T.E.:  Historically, entrepreneurship is a tool for helping people take ownership of their aspirations. When you look at countries like China, India, Indonesia, and Vietnam that pulled hundreds of millions of people out of poverty over the last few decades, entrepreneurship played a key role in their development agenda. According to a study by IDRC Canada, youth entrepreneurship, in particular, is an option to create employment for the youth. Youth entrepreneurs are more likely to hire fellow youths, are particularly responsive to new economic opportunities and trends and are active in high growth sectors.

This year, some 30 million young people on the continent will be looking for sustainable means of livelihood. Consequently, Student Entrepreneurship Week Pan-Africa is created to help students and budding entrepreneurs access actionable, experiential knowledge and tools for building sustainable businesses as well as pitch their ideas for funding.

We all know that when people are taught how to fish, the results are exponential. Nowadays, everyone is told to become an entrepreneur but many people are not told how to go about that process. Entrepreneurship at any age or career stage is risky business. Yet, creating a business while in school can help circumvent part of this risk and uncertainty. And so, Student Entrepreneurship Week Pan-Africa is really a tool to help young innovators unleash their talents and create economic opportunities for themselves and others. This is an experiential, alternative education forum for the young and ambitious!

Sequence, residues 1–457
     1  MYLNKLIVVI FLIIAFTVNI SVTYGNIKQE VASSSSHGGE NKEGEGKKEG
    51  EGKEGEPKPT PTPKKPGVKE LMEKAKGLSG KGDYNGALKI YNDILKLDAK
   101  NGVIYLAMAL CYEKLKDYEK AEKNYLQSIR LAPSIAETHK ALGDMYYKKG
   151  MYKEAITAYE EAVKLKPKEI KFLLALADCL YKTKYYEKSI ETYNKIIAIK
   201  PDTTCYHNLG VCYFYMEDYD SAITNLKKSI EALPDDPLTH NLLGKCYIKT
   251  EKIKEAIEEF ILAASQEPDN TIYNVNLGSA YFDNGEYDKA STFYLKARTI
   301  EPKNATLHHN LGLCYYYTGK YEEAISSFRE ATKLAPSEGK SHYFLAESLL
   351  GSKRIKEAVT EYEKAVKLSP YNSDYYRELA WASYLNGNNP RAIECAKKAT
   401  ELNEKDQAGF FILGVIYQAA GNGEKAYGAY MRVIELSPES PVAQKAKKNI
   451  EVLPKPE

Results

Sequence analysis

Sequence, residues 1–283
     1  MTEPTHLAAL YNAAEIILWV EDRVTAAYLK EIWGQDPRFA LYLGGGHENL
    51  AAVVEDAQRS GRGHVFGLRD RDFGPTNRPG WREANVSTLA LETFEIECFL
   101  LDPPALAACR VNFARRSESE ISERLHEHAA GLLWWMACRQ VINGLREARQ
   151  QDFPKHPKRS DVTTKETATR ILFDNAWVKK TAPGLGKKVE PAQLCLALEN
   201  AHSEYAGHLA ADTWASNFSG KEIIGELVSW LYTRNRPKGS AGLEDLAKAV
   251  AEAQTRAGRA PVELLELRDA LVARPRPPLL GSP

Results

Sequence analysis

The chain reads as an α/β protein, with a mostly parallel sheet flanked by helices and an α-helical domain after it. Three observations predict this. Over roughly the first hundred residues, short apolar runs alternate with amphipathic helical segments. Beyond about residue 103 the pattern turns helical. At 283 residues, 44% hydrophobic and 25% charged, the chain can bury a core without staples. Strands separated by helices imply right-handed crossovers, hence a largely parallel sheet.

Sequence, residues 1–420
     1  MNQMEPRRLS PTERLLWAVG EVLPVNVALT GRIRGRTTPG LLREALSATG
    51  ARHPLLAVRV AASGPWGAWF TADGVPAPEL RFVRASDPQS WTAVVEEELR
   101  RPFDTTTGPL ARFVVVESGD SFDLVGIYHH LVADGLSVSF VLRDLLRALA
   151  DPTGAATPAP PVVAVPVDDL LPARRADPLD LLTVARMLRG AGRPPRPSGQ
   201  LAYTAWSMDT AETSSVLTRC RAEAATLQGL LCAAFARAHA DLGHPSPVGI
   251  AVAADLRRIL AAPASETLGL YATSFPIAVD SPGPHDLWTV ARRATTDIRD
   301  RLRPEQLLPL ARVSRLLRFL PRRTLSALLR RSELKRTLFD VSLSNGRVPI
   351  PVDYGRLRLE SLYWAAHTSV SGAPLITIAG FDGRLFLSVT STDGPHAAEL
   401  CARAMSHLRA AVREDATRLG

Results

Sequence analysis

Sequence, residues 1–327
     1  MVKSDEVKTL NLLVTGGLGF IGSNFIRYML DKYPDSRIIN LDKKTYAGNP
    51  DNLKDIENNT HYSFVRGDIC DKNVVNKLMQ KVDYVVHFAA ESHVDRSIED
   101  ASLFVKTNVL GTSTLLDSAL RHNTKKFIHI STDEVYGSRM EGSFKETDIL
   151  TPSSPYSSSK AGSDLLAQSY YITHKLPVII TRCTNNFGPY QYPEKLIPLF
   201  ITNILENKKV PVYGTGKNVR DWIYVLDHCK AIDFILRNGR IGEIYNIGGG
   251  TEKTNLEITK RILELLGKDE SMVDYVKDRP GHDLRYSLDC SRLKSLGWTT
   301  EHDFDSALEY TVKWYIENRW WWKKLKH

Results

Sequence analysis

We have partnered with Ingressive Capital, an Africa-focused VC fund to help early-stage entrepreneurs that meet their investment criteria access up to $100k funding; as well as the AI venture building firm, QI Holdings to locate the brightest youth-led startups as part of their venture building agenda.

V.A.What after-school programs does SFAN have for students after graduation to assist them to avoid the shackles of unemployment?

T.E.: SFAN is piloting a talent accelerator program called Readyforwork. The idea behind Readyforwork is incredibly simple – education should be personalized and fun, not one-size-fits-all and boring. For so long, education systems have not kept pace with the changing nature of work resulting in employers saying they cannot find workers with the skills they need. With Readyforwork, we help young people develop the skills and gain the connections necessary to find jobs or start a business.

With personalized educational contents crafted by experts, one-on-one coaching, and team conversations, learners are equipped with practical skills and exposed to real-world projects that empower them to take ownership of their career aspirations and grow in confidence that yields success! To donate towards this project or learn more, please visit sfaonline.org/readyforwork.

V.A.With the impact of your work reaching more than 20 countries globally, what has been the most common theme among the youths in these countries?

T.E.: What we’ve seen is that young people are smart and if given the skills and opportunities to engage the real world, magic will happen! We see young people with talents but without the right support or financial stacks to harness those talents and make them marketable. Needless to say, without financial instruments necessary to turn ideas into innovations, in an environment of controlled risk, every effort in achieving Africa’s development agenda is like chasing our tails.